Please welcome my very first guest in this new year, interviewer, producer, author and musician, Tamra Lucid as we’ll be having a wonderful time talking about her book ‘Making the Ordinary Extraordinary – My Seven Years in Occult Los Angeles with Manly Palmer Hall’ which has just been published with Inner Traditions.
This book is a rarely found gem that starts out with the touching account of how Tamra and her later husband Ronnie Pontiac met at an underground club in the 80s back in L.A. and how he – despite of not exactly looking like a prince on a white horse – literally saved her from a pretty dangerous situation. They moved in together two weeks later and soon discovered Manly P. Hall’s opus magnum, ‘The Secret Teachings of All Ages’. Both were simply amazed by the writings and when they found out that ‘Mr. Hall’ as Tamra prefers to call him to this day they decided to attend his lectures with the Philosophical Research Society.
“PRS had lovely staff-and-friends Xmas parties. Everyone looked forward to seeing Mr. Hall saunter in with a warm smile on his face, greeting everyone, causing us all to grin like idiots. The feeling was more family than any family event I’d ever attended. Cards and gifts were exchanged. I remember one year Roger Weir gave MPH a huge tome about Alexandria I was so eager to peruse, but I never got to because MPH had it in the shelf behind his desk, and I didn’t want to bother him. In this pic MPH is eyeing the cookies wrapped in red and green cellophane. Wasn’t Marie beautiful? She was over 80 then. Notice my festive holiday fashion sense: black. Capricorn much? Hovering behind me protectively is Ronnie Pontiac” *
Tamra tells how she and Ronnie became involved with Manly P. Hall and his wife Marie on an intimate level so that Mr. Hall hired her and chose Ronnie as a proof reader for his alchemical bibliography. They both became close friends with the Halls and because of that their lives changed completely which Tamra explains in detail.
In our conversation, we talk about psychological issues, alchemical transmutations, how the newly created genre of Riot Grrrl Music came into play with all that and how Tamra combined all this with metaphysics by means of a healing process. We go into great depths on Mr. Hall’s personality, his ideal to be of service and his vision of a truly happy, resilient and spiritual society and what might be needed in order to establish it.
Tamra will also talk about the break up with the Halls which was and still is a tragic and sad one and had far reaching implications on both sides. However, we proceed with some less difficult issues when we discuss the meaning of Hall’s teachings for today’s society and today’s students of the Western Esoteric Traditions.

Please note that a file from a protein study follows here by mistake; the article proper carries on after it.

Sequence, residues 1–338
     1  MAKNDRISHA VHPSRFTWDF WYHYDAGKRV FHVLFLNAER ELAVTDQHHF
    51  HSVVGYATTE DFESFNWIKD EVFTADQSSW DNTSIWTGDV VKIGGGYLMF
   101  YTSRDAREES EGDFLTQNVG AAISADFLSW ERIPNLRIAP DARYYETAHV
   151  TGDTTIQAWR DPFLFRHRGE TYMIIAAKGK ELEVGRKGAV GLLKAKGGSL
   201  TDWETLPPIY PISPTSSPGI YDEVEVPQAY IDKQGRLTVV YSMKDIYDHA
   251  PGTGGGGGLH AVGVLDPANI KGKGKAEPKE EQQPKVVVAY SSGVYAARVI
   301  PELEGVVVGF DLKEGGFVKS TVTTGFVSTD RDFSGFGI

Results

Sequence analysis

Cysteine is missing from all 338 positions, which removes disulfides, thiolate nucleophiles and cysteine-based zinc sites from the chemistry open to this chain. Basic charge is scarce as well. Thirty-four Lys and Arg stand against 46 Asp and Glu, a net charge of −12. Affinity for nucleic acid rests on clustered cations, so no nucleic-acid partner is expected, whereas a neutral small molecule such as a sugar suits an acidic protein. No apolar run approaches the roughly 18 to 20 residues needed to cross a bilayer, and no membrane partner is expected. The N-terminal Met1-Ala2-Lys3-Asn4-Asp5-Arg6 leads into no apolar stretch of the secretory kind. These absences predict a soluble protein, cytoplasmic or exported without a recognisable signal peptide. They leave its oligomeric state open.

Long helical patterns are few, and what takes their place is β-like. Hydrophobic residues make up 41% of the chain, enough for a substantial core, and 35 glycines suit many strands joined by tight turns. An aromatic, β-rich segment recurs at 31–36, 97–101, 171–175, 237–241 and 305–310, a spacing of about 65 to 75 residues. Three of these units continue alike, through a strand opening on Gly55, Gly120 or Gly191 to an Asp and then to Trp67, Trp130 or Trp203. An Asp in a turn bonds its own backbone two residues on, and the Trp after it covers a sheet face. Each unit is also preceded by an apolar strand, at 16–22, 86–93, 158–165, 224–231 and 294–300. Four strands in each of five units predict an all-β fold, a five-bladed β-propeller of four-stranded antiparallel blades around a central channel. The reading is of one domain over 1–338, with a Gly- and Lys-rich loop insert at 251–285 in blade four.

My guest will finally explain her personal daily practice which is something she hasn’t done in her writings yet and also give some glimpses on future book projects with Inner Traditions that she or Ronnie are parts of.
“The ceremony took place in the Hall’s backyard. They picked the time and date. Look! It’s Ronnie with short hair! In a suit! He still looks like an anime villain though. If you want to know who the handsome maid-of-honor on my left is you’ll have to read my book. Let’s just say that the maid-of-honor and the best man were a lovely couple. The best man wrote Spiritualist books and the maid-of-honor was a past life regression therapist who made the most heavenly apricot jam” *
* The texts under the images are by Tamra Lucid herself, from her facebook page
Music played in this episode
The three tracks are performed by LUCID NATION, Tamra’s own band which she also talks about in the interview.
A punk rock Exile on Main Street with shades of The Stooges, riot grrrl, Pere Ubu, and even The Doors. — MAGNET MAGAZINE
Lucid Nation was more experimental than a lot of punk and Riot Grrrl bands in the late 90s. Their sound packed a punch (it can remind me of Sonic Youth, and not only because they cover “Youth Against Fascism.”) The lyrics are feminist, outspoken, and unapologetic. “The Sun Doesn’t Rise in the Slaughterhouse” is about animal rights, “Dad” is about environmental activism, and “Penetration,” a song about rape, sets my heart on fire. —ROOKIE MAGAZINE MUSIC THAT ENDURES
Songs range from aggressive screaming punk to beautifully melodic rhythm and blues, the very definition of garage-rock. Like Sleater Kinney and Bikini Kill, Lucid Nation has opened for both , her band’s music is raw, poetic, sloppy and infectious, and Tacoma Ballet is simply a bare-bones kick-ass rock and roll record. —ROLLING STONE
The jaw dropping one in a million talent of this band is poet/vocalist Tamra Lucid. Her squeals, punk howls, growls, and soft cajoling steal the spotlight. Like a Marianne Faithful full of wild abandon or a Courtney Love with more soul and a wider variety of tonal deliveries, wailing through angry, sultry, mournful, demanding, accusatory, she sounds like a demented street sage baring her soul with wide open screams while hiding angel wings of delicate beauty under a shabby, dirty raincoat. —TANGERINE MAGAZINE
(Track starts at [6:46])
2) NIGHT PROWLER
(Track starts at [52:50])
3) SHORELINE GOODBYE
(Track starts at [1:34:50])